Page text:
The Rider and their Elephant

As a Psychologist, Executive Coach, Hypnotherapist, NLP Practitioner, Psychodynamic Therapist and International Author & Speaker, Steve Neale is the Creator of the Limbic Performance System for Outstanding Leadership and Teams and the author of the Emotional Intelligence Coaching book that inspires leadership coaches and leaders worldwide. The metaphor he uses at the basis of EI Coaching – that of the rider and the elephant, signifies the relationship between our rational ‘brain’ and our emotional ‘brain’. Coaching is seen as a process of aligning the two – the rider and the elephant – by gaining awareness of the interactions between our thoughts, feelings and actions and how these interactions lead to our behaviour and eventually performance.

What makes a good leader is the same as what makes a good coach

Steve’s closing talk focused on leadership and coaching – how to be or become a good leader and a good coach. In his view, reaching our own highest potential is becoming an effective leader of ourselves and our relationships. According to our speaker, being a good leader implies:
First: Getting over your own ego and returning to your birth place of “I am enough” (Awareness of your ego and its never met needs)
Then: Helping others become the best version of themselves

How to help others become the best versions of themselves? Leader vs. Coach

In a similar way as a coach supports a coachee in the journey to becoming the best version of themselves, leaders support those in their team do the same. According to Steve Neale, both achieve this by being truly present, using full spectrum listening (intuitive and emotional), asking great, challenging and growth-focused questions, reframing situations, giving the person in front a safe space to be heard, felt, not judged and to grow. And this can only be done if their own EGO does not stand in the way – i.e., judging (good or bad), needing to “fix”, needing to help, not being present for the other, leading with questions to a specific answer, comparing themselves with the other, wanting power, praise or recognition. In a nutshell, by choosing love over fear and supporting the person in front to do the same.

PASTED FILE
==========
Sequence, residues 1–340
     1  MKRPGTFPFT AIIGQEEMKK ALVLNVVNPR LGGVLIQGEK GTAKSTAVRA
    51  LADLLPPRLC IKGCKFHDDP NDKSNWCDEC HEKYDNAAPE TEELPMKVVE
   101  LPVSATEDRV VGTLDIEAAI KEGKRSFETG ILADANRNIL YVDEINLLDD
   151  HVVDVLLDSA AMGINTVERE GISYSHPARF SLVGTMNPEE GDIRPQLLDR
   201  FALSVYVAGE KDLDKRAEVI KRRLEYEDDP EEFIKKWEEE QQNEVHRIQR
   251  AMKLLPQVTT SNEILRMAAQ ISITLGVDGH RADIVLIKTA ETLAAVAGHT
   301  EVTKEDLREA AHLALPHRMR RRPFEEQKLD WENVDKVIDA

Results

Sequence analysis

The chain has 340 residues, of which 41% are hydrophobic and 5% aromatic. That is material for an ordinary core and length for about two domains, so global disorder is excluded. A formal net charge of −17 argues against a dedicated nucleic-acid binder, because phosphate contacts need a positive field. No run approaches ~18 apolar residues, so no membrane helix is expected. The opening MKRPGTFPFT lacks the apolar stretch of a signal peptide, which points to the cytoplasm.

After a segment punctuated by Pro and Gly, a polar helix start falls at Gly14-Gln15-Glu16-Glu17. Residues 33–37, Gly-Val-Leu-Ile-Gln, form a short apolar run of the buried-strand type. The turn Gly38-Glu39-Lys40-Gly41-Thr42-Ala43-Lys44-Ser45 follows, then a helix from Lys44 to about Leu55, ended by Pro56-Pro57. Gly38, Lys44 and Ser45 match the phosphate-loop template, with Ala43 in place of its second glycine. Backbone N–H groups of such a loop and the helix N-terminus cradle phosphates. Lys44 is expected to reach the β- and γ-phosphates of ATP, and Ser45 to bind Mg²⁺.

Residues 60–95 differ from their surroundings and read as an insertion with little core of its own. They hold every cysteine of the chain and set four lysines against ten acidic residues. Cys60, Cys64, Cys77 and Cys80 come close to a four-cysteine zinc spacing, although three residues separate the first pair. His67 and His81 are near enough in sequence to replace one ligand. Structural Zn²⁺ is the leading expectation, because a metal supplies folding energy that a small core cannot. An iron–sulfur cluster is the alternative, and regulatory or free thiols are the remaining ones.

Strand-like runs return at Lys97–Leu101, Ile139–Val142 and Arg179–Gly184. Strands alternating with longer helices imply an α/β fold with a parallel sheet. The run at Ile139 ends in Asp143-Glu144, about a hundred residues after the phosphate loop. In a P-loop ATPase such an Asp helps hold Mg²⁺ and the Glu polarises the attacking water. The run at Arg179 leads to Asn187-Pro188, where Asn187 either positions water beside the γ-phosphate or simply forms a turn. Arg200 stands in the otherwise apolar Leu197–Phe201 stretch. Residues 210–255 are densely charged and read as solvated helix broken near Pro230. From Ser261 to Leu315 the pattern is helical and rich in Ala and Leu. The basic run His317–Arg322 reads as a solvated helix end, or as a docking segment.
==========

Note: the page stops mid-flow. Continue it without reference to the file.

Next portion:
“Know Thyself”

The only choice we ever make is between love and fear, but each and every one of us is different and thus what the choice will look like in practice is different, as well. Understanding our full potential and eliminating our fears requires gaining knowledge and awareness about ourselves: our values, needs, emotions, our thoughts and thought processes, our beliefs – both positive and limiting, our fears and what lies beneath them, etc. Coaching is about this process of gaining self-knowledge and self-understanding, empowering us to choose love – i.e. make choices that are truly in alignment with who we are, what we stand for and what we believe in, beyond fear (of not being enough, of being less than X, of what others will say or think, etc.). What does that look like in practice? Here are five sentences Steve Neale proposed in his talk.

When I have a healthy respect for myself I….
When I feel really good about who I am I…
When I know and value my own worth I…
When I feel attractive and at ease with my look and body I…
When I don’t worry about what others think of me I…

What will you choose?

Closing session of the JRC month of coaching, sketchnotes

(Click the image to enlarge it on Flickr)

Share on:

Visuals bring clarity about the complexity

My takeaway from conversations that I captured visually

Our brain has great difficulty understanding a complex system with only words. A visual can bring clarity about the complexity and eventually show that what appears to be complex is just complicated.